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and encircled by the laurel and palm. The legend is AL VALORE MILITARE ;" on the reverse of the medal is a wreath, with the dates "1855-1856" underneath ; legend“SPEDIZIONE D'ORIENTE.” It is worn with a dark blue watered ribbon.

To upwards of a thousand officers of the British army, the Sultan of Turkey granted the decoration of the five classes of the Imperial order of the Medjidie. The decoration is a silver convex centre, bearing the Sultan's cypher, encircled by a crimson enamelled band, inscribed with Turkish characters, and surrounded by a radiated border in silver. It is suspended by a crimson enamelled crescent and star, to which is appended a crimson ribbon, edged with green.

The Sultan also distributed to the British army silver medals, having the royal cypher upon the obverse, enclosed within a circle of laurel. The reverse, which is a clumsy though significant design, represents the success of the allied powers in the Crimea. A field-piece and map of the Crimea are placed upon the Russian flag, to the right of which is an anchor &c.; above are the respective flags of Turkey, England, France and Sardinia. Exergue--"CRIMEA, 1855." The ribbon is crimson, edged with green.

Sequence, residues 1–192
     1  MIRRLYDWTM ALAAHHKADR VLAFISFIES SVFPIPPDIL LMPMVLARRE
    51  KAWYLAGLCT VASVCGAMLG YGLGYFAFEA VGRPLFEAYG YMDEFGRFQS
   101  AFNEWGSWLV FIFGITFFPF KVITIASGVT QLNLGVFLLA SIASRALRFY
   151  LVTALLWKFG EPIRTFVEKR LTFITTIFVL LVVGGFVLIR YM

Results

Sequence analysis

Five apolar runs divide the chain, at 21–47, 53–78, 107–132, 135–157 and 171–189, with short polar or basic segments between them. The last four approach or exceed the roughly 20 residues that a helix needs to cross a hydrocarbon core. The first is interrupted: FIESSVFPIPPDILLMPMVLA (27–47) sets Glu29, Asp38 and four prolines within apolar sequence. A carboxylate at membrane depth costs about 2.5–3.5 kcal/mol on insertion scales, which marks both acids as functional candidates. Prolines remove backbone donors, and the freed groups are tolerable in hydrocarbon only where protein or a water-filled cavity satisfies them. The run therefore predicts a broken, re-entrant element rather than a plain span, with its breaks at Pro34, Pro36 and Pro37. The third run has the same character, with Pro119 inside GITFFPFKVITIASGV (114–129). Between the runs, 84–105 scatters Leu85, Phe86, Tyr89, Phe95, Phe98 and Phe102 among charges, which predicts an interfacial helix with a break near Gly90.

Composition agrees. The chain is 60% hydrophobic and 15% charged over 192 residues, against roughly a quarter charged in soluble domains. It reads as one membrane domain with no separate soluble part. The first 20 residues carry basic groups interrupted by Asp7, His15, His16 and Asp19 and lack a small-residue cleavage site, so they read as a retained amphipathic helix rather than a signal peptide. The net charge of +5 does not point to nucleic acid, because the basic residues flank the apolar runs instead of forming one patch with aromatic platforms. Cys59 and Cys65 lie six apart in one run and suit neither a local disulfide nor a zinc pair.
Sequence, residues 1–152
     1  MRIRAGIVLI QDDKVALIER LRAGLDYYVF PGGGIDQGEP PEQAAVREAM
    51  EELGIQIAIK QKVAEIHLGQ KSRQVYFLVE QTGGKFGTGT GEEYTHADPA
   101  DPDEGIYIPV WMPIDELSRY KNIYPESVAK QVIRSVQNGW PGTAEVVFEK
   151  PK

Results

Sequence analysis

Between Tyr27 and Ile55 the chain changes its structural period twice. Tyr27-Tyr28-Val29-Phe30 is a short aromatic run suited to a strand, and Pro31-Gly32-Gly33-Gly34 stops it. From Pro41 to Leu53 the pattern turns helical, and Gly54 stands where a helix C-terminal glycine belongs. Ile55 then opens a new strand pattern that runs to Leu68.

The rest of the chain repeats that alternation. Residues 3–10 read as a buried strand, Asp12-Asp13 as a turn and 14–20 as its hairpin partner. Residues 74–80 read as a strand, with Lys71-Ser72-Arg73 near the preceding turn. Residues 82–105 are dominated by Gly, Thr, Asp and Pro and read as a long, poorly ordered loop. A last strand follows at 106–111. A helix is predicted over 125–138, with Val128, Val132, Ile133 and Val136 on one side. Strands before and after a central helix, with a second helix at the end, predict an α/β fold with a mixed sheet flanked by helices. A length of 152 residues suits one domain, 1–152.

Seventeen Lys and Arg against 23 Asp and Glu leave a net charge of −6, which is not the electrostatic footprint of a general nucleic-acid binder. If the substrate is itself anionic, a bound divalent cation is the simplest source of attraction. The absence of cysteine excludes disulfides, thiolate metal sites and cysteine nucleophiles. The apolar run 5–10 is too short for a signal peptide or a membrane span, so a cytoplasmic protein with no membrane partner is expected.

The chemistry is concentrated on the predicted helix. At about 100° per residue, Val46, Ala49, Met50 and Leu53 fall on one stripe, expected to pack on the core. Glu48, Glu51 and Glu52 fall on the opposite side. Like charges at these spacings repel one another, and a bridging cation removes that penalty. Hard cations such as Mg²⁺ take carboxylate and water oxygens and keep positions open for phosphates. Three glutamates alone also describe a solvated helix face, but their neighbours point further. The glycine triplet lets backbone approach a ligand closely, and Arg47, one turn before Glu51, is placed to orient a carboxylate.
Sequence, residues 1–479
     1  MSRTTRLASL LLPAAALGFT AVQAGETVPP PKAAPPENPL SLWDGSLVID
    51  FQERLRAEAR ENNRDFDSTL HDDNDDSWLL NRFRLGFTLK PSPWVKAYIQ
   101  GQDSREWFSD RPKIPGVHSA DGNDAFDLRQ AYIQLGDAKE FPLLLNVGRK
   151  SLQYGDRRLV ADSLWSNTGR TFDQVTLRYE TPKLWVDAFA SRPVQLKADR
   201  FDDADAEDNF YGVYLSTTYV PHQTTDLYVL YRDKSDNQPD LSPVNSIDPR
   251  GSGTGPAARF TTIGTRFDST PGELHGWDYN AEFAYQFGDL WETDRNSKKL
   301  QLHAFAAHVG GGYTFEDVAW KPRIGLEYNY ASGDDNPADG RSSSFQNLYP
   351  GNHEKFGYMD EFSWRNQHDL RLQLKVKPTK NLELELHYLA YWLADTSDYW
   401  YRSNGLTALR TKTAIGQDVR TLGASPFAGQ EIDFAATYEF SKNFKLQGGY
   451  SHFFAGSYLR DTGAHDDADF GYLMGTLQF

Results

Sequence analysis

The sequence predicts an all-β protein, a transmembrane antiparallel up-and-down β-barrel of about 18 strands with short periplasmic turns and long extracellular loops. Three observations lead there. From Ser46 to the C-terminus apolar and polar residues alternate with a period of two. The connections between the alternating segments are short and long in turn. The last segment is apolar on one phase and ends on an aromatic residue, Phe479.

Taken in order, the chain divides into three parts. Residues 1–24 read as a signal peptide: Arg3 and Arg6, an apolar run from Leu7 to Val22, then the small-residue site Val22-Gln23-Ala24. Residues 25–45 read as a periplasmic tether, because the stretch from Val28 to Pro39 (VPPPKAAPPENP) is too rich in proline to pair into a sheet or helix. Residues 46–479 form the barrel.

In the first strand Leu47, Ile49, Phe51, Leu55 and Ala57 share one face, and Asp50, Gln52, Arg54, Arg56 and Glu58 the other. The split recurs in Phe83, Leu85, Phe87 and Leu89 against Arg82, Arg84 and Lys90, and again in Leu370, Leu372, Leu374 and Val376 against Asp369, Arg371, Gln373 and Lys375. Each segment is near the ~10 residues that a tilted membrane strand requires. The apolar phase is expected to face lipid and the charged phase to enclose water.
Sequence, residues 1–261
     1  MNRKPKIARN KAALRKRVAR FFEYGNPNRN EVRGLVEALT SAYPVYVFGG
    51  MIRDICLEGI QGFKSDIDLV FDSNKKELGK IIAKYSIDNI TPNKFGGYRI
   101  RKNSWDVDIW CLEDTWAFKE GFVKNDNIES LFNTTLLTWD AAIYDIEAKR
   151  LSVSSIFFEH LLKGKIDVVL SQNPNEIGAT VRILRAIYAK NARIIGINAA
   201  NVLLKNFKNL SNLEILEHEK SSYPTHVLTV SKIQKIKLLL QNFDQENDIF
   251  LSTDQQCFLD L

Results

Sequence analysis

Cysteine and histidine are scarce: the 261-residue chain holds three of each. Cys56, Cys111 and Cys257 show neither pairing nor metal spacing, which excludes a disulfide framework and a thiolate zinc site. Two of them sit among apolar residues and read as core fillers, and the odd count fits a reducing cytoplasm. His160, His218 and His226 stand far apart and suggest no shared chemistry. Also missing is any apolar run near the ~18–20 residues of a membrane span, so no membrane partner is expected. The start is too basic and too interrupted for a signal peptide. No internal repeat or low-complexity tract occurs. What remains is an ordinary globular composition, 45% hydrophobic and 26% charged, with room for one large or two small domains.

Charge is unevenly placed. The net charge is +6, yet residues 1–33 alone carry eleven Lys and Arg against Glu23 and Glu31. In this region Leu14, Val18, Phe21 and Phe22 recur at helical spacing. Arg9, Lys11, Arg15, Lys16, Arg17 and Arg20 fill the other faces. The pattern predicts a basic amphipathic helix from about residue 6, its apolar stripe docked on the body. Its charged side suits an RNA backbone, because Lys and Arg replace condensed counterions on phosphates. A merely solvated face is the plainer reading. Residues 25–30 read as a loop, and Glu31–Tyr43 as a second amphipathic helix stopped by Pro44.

In conclusion I shall but briefly introduce to your notice the medals awarded for long service and good conduct, meritorious service and distinguished conduct in the field. The medal for long service and good conduct, was first granted by King William IV in 1830, to men of irreproachable character, and who had completed twenty-one years' service in the infantry or twenty-four years' in the cavalry. The obverse of this medal is a trophy with the King's arms in the centre; the reverse is inscribed—“FOR LONG SERVICE